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Mike Daum, South Dakota State adjust to added attention

AP Photo/Young Kwak

One could forgive Mike Daum for letting some things go to his head. After a breakout redshirt-freshman campaign for South Dakota State, Daum has spent the offseason being praised by every media outlet imaginable.

Going back to the 2015-16 preseason awards, the 6-foot-9 big man has been:

• named Sixth Man and Freshman of the Year for the Summit League

• chosen as the Most Valuable Player for the Summit League tournament

• listed as one of the most important players for his team by ESPN’s Eamonn Brennan

• picked as the fourth-most well-rounded college basketball player by Bleacher Report’s Brian Pedersen

• unanimously tabbed as the Summit League’s Preseason Player of the Year

In the span of one year, Daum went from a relative unknown in the college basketball world to one of the most notable returning players, especially among one-bid conference schools.

All this for a player who started just two games last year. It would make sense, and nobody would really blame him, if he developed some kind of an ego. But that’s not Mike Daum.

“Honestly, I try to overlook most of that stuff,” Daum told Today’s U.

“I know this season is pretty important for me and I’m just going to go into it with the same kind of mindset I did last year. And that’s one thing that’s helped with coach T.J. (Otzelberger) and my family and my teammates, helping me keep a cool, calm head through everything. Really, I don’t have to worry about that stuff. I feel like I’m strong mentally, so I’m just going to go out and play with no worries.”

With his unique offensive skill set — an ability to beat a team from the perimeter (44.6% three-point shooter) or inside the paint — Daum fits the mold for the modern big man, which serves as one of the biggest reason’s he’s become such a hot commodity in college basketball.

During his introductory press conference back in April, South Dakota State’s new coach T.J. Otzelberger compared Daum’s game to that of Georges Niang, Dirk Nowitzki and Kevin Durant. Now that he’s had a chance to see the Kimball, Nebraska product up close, Otzelberger’s finding more quality to his top returning player.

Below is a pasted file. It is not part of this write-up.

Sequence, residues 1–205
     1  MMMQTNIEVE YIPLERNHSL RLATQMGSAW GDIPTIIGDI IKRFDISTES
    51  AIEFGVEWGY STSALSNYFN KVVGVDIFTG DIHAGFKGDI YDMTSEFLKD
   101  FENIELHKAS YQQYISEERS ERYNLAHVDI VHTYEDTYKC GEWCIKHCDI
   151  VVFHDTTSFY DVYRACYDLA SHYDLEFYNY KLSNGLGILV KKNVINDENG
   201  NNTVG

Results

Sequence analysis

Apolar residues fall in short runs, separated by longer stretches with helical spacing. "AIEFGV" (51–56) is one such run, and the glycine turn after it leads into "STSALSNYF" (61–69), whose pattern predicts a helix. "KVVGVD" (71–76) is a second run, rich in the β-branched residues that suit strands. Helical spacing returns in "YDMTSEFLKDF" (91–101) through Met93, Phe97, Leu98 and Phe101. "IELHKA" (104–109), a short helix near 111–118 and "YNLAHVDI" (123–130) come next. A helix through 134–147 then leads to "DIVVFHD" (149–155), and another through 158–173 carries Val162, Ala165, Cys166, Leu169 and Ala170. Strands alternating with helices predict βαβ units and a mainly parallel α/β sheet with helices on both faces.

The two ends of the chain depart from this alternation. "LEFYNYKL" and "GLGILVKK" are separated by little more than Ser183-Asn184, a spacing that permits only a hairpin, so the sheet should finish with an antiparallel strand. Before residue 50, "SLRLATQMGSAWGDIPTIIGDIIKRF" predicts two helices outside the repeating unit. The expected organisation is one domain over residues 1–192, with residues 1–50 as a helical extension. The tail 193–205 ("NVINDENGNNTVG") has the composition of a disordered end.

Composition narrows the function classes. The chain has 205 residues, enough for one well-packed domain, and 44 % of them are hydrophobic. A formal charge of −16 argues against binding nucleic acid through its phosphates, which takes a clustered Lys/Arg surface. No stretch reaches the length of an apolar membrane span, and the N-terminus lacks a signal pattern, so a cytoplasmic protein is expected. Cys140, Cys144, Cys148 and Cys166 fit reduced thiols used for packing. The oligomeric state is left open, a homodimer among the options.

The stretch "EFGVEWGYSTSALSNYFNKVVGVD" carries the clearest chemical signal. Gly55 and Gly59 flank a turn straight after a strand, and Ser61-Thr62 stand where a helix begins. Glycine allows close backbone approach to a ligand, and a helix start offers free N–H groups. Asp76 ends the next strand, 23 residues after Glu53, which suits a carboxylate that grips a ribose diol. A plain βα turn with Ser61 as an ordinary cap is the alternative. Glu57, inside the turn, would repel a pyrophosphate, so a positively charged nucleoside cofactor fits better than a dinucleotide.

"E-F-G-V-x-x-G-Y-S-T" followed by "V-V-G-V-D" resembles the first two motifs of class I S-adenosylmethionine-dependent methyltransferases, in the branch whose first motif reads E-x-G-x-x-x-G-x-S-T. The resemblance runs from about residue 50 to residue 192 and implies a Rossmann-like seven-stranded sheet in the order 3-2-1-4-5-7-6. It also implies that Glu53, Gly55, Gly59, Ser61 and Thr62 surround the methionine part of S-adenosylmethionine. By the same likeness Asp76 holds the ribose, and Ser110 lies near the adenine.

“Probably what’s really stood out to me in practice is he does a really good job getting to the foul line and what a great free throw shooter he is,” Otzelberger said.

“I think he has so many characteristics of those guys (Niang, Durant and Nowitzki). What he’s become and what I didn’t know he could be is what a great passer he can be. When there’s post double teams, guys digging off, he can be an unbelievable passer to make plays for people.”

Otzelberger comes to the Jackrabbits after spending the past few years as Iowa State’s top assistant where he worked closely with Niang. Now with the Indiana Pacers, Niang spent the last three years of his college career carving out a legacy as one of the most productive and winningest players in Cyclone history. Daum says Otzelberger mentions his similarities to Niang once in a while, mostly as a way to remind him how much of a matchup problem he is for most opponents.

There was a time, however, when it wasn’t a certainty Daum would return to Brookings. Some outside of the program, most notably fans and local media, figured he’d be destined to transfer to transfer to a bigger program. When head coach Scott Nagy left for Wright State back in late March, Daum did consider the possibility of moving on as well, but it didn’t last very long.

“Right after the season I didn’t think too much about it,” Daum said.

“When Coach Nagy left, I think it was hindering in the back of my mind. One of the first thoughts that came to mind was maybe I should go back home to Nebraska and look there because it was the Big Ten, it was bigger. The thing is, when I started looking at that I just thought it wasn’t right. When T.J. came in for an interview to meet the players, I knew that if we got him then this was the place to be. I’m glad I stayed. I have zero regrets not transferring. This is the place to be.”

Coincidentally, Iowa State was a name that surfaced in Daum transfer talks, mostly because of how the Cyclones use their big men within the type of offense they run. With Otzelberger in, the offense many felt Daum would flourish in was coming to South Dakota State. Transferring no longer felt necessary.

T.J. Otzelberger gets to coach Mike Daum at South Dakota State -- USA Today Sports

T.J. Otzelberger gets to coach Mike Daum at South Dakota State — USA Today Sports

Part of Otzelberger’s job now is to not only lead a group of new faces for himself, but to utilize his sophomore big man’s talents and keep him focused. The new Jackrabbit head coach hasn’t had a problem with that so far.